No previous studies have investigated the “national meeting effect” phenomenon on management of ophthalmic emergencies. Prior studies have reported an “off-hours” effect and “weekend effect” in ophthalmology and other surgical fields that all comment on common obstacles during these times including fewer staff, logistical difficulties associated with anesthesia clearance and operation room booking, surgeon fatigue, scrub technicians with less ophthalmic experience, and less experienced surgeons (trainees) operating.2,4–6,14–20

The increased reoperation rate for incident RRDs diagnosed and repaired during ophthalmology meetings warrants further investigation, but is consistent with previously reported increased complication rates with emergent vs scheduled ophthalmic surgery14 and increased complication rates reported by other surgical specialties.17–19 Staffing shortfalls could be an important reason for the longer wait time between RRD diagnosis and surgery during conference dates. This includes fewer surgeons available, calling in operating room teams and nurses from home with associated commute delay, difficulty obtaining anesthesia clearance, and longer wait times for limited operating room availability. It is also possible that only some institutions have decreased staffing during conference dates, which leads to consolidating patients to high-performance and sufficiently staffed eye centers. This consolidation may result in delay in performing surgeries due to the referral process and the large number of cases in these centers. The possibility that relatively less experienced retina specialists remain in hospitals during meeting dates could explain the higher odds of surgical revision within 30 days of primary repair of RRD, however, prior literature on outcomes and complication rates between cases performed with and without a vitreoretinal surgical fellow found no difference in outcomes.21 This could also be explained by older retina specialists, but with diminished skill set, remaining in hospitals during meeting dates. Surgeon fatigue may impact performance and play an important role during conference coverage at high-volume referral centers, but this has not been studied in ophthalmology.

Although some academicians are questioning the usefulness of medical conferences,22 these conferences are still a dominant feature of the academic, professional, and social life of all physicians, including ophthalmologists. The newly identified “national meeting effect” phenomenon should prompt organizers of these conferences to consider providing additional opportunities for remote conferencing and social networking tools so that all ophthalmology centers can maintain their capacity, while still enabling ophthalmologists to benefit from the educational and social opportunities the conferences offer.4,22

In addition to being the first of its kind in ophthalmology, the main strength of this study is the use of a national database that provides access to data of a large number of unique patients in a broad geographic region.

The primary weakness of this study is that which is inherent to claims based analyses: the inability to elucidate the specific causes of increased wait time between RRD diagnosis and surgery, the decreased likelihood to receive surgery within a day, or the higher odds of 30-day surgical revision for RRD cases diagnosed and repaired during national ophthalmology conferences. In addition, our study did not evaluate the long-term anatomic and functional outcomes of these patients, so we are not able to assess if this slight delay in treatment had any negative consequences on patients' visual acuity. Further studies are needed to investigate these aspects.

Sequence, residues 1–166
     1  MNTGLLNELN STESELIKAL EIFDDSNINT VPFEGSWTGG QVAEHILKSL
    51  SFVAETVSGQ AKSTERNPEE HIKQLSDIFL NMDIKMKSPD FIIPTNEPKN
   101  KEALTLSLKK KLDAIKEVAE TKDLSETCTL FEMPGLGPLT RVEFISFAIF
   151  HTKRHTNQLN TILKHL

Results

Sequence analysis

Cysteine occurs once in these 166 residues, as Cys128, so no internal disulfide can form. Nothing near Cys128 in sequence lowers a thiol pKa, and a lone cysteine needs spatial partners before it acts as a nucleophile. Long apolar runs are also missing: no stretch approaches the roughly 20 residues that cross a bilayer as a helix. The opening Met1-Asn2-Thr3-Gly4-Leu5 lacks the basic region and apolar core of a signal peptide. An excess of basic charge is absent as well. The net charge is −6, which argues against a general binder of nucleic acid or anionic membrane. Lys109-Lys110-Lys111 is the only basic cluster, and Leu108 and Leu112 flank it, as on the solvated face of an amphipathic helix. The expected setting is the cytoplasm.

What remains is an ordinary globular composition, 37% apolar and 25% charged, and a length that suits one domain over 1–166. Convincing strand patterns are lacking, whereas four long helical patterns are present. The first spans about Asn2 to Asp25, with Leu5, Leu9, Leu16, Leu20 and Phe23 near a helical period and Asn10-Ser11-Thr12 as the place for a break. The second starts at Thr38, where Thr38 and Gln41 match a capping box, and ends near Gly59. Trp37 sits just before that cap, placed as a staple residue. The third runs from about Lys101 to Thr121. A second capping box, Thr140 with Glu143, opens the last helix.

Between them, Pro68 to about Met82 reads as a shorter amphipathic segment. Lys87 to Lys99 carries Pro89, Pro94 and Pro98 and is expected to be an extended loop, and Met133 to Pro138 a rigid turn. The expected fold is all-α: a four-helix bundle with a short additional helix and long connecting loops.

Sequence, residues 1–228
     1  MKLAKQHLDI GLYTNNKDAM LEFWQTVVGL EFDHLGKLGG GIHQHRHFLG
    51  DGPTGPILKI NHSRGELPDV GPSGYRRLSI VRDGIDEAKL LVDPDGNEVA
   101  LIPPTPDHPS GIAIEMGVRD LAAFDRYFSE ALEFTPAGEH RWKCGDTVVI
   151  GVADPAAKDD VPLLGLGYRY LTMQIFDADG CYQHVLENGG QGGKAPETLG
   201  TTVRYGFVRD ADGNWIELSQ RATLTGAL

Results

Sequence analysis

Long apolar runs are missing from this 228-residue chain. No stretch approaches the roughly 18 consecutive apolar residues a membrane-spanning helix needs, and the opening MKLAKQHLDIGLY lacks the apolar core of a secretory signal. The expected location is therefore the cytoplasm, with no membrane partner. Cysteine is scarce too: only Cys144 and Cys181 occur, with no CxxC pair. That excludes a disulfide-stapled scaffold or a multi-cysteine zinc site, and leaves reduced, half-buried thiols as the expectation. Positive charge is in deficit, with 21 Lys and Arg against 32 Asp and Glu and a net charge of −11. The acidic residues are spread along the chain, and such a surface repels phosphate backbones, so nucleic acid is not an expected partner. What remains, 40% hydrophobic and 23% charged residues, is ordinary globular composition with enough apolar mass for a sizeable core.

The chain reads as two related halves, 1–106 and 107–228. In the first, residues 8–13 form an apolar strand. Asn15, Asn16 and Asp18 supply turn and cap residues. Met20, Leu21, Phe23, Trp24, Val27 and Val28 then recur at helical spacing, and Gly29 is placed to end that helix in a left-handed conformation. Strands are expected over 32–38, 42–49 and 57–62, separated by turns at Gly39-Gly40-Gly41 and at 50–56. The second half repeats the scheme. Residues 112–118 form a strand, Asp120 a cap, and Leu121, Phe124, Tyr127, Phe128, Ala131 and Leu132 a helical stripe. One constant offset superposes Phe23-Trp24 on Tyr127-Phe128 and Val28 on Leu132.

In summary, patients diagnosed with RRD during dates of national ophthalmology conferences wait 0.23 days longer for surgery, are slightly less likely to receive surgery within a day, and are more likely to undergo a second surgery within 30 days of the primary procedure compared to patients diagnosed with RRD outside the dates of conferences. Our findings indicate that the “national meeting effect” phenomenon is present in ophthalmology, albeit to a lesser degree that is likely not visually significant, and that hospitals and ophthalmic departments should be aware of the unique circumstances surrounding ophthalmic care during national conferences. In addition, organizers of national ophthalmology conferences should consider providing additional opportunities to enable ophthalmologists to benefit from these conferences remotely while still providing optimal patient care.

References

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  12. Vail D, Pershing S, Reeves MG, Afshar AR. The Relative Impact of Patient, Physician, and Geographic Factors on Variation in Primary Rhegmatogenous Retinal Detachment Management. Ophthalmology. 2020;127(1):97–106. doi:10.1016/j.ophtha.2019.04.019 [CrossRef] PMID:30981916
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  19. Desai V, Gonda D, Ryan SL, et al. The effect of weekend and after-hours surgery on morbidity and mortality rates in pediatric neurosurgery patients. J Neurosurg Pediatr. 2015;16(6):726–731. doi:10.3171/2015.6.PEDS15184 [CrossRef] PMID:26406160
  20. Tadisina KK, Chopra K, Singh DP. The “weekend effect” in plastic surgery: analyzing weekday versus weekend admissions in body contouring procedures from 2000 to 2010. Aesthet Surg J. 2015;35(8):995–998. doi:10.1093/asj/sjv088 [CrossRef] PMID:26019238
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Characteristics of Patients With a New Diagnosis of Rhegmatoenous Retinal Detachment Between 2008 and 2016 During Dates of Three National Ophthalmology Conferences

Characteristics All Patients (n = 34,759) Conference Dates Non-Conference Dates P Value

Diagnosis During Conference [n, (%)] 1,246 (100)
  AAO 300 (24.08)
  ARVO 545 (43.73)
  ASRS 401 (32.18)

Repair During Conference [n, (%)] 1,170
  AAO 249 (21.28)
  ARVO 535 (45.73)
  ASRS 386 (32.99)

Age (Years) [mean (SD)] 57.2 (13.4) 57.0 (13.5) 57.2 (13.4) .605

Gender [n, (%)]
  Male 21,737 (62.54) 715 (61.11) 21,022 (62.59) .306
  Female 13,022 (37.46) 455 (38.89) 12,567 (37.41)

Surgery Type [n, (%)]
  Pars plana vitrectomy 25,149 (72.35) 842 (71.97) 24,307 (72.37) .86
  Pneumatic retinopexy 5,450 (15.68) 182 (15.56) 5,268 (15.68)
  Scleral buckle 4,160 (11.97) 146 (12.48) 4,014 (11.95)